Lectures & Discussions
We organize several events on campus each semester, in addition to the Days Without Violence every April.
We endeavor to present diverse topics including local, national and global issues. We address not only overt violence, but also the more subtle and invisible structural violence, e.g. suffering connected to gender, race, sexual orientation, poverty, environmental degradation, etc. and analyze the connections between all types of conflict and violence. We also work to promote an understanding of actionable, positive alternatives to violence.
Since the terrorist attacks of September 11, 2001, we have paid particular attention to promoting understanding of the deeper causes of terrorism, war and violence. We also have sought to promote respectful dialogue between people of different political, religious or other beliefs.
We greatly appreciate the wide range of skills, experience among faculty, staff and students and work to incorporate their expertise into our events.
Past topics have included:
- “Agenda for a New Democracy,” by Ralph Nader
- “Civil Liberties After September 11”
- “The Effects of Domestic Violence on Children”
- “From Selma to D.C.Statehood: Lessons from the Civil Rights Movement” by James Forman
- “The Future of Gun Control”
- “Gays in the Military”
- “Globalization, Resource Wars and Petro Dollars,” by Michael T. Klare (Hampshire College)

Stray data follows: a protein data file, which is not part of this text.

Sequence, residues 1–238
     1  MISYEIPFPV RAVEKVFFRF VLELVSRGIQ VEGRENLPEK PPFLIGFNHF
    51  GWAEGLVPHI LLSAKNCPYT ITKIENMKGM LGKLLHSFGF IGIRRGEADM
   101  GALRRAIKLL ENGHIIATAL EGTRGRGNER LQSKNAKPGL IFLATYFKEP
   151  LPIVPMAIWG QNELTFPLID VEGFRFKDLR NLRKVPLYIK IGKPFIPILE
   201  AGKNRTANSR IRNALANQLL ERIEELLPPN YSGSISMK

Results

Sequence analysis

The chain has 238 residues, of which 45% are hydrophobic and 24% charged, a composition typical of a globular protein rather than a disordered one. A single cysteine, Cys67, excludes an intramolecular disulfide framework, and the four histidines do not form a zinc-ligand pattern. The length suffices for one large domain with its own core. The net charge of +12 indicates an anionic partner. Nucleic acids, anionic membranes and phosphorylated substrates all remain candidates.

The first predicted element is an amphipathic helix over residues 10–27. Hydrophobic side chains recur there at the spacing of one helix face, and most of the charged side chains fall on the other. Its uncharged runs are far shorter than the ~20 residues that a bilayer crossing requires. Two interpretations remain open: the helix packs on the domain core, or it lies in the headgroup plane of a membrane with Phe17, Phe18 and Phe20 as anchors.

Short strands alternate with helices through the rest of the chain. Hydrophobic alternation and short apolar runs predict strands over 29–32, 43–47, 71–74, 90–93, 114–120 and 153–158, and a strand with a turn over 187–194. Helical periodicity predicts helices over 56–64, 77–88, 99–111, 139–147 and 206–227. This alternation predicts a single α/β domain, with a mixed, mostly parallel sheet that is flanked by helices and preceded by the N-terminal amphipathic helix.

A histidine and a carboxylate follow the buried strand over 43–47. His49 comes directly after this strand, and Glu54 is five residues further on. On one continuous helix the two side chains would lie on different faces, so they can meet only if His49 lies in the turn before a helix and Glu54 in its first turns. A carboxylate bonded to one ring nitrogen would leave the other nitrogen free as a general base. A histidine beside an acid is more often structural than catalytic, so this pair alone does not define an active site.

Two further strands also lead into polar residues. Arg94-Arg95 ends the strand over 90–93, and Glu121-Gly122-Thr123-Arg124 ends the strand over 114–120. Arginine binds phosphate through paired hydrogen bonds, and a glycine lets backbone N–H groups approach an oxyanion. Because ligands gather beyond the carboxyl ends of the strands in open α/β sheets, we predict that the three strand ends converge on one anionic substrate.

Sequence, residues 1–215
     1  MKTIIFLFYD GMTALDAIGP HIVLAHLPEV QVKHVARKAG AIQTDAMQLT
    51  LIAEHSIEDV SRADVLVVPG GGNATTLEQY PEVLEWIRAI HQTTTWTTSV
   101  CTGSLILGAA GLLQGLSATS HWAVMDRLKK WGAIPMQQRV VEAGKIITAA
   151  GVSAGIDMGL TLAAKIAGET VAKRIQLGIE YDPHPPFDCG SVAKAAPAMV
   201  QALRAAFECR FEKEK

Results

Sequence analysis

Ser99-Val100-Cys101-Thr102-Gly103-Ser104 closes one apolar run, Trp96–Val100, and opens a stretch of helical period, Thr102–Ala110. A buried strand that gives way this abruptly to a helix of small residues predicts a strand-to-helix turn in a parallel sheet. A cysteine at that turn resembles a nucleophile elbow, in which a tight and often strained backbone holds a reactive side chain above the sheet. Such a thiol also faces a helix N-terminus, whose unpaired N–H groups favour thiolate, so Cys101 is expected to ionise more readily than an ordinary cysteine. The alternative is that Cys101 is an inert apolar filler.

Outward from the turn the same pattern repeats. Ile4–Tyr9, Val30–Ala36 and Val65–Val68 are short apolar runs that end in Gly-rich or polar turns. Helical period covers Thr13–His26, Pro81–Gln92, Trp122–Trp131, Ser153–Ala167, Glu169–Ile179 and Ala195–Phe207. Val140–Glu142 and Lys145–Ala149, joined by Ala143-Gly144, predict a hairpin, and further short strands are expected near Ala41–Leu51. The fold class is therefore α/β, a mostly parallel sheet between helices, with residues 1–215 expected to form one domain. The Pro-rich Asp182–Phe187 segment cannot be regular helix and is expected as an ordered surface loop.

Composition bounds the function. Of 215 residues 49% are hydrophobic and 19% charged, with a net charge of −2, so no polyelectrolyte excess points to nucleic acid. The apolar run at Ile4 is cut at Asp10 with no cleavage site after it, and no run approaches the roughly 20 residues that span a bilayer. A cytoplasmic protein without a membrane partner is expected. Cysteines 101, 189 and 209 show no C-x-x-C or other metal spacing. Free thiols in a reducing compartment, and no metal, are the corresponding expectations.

- “Haiti: Struggle for Democracy”
- “India-Pakistan: the Bomb”
- “Issues Facing the Asian Immigrant and Refugee Community”
- “The Land Mine Epidemic” by Susannah Sirkin (Physicians for Human Rights), part of Day Without Violence 2001
- “Mentoring and Making a Difference”
- “National Missile Defense” by Theodore A. Postol and Steven Van Evera (MIT)
- “Palestinians and Israelis: a People’s Peace Process”
- “Peace, Social Justice and the Environment” by Linda Stout (activist and founder of Piedmont Peace Project)
- “Preventing Youth Violence”
- “The Privilege of Being White” by Noel Ignatiev, part of Days Without Violence 2000
- “Remembering the Holocaust: 50 Years Later”
- “South Africa: Transition from Apartheid”
- Terrorism and War” by Howard Zinn
- “The Vietnam War in Retrospect”
- “Working with Women for Peace in the Former Yugoslavia” by Fran Peavey (activist and founder of Crabgrass)
Link to a full list of all of PACSI’s additional educational events. Please note that some of the events on this list were part of Days Without Violence.
Other workshops, task forces and conferences include:
- 1993 Conference on Economic Conversion
- 1994 Task Force on Economic Conversion
- 1995 Workshop on Economic Development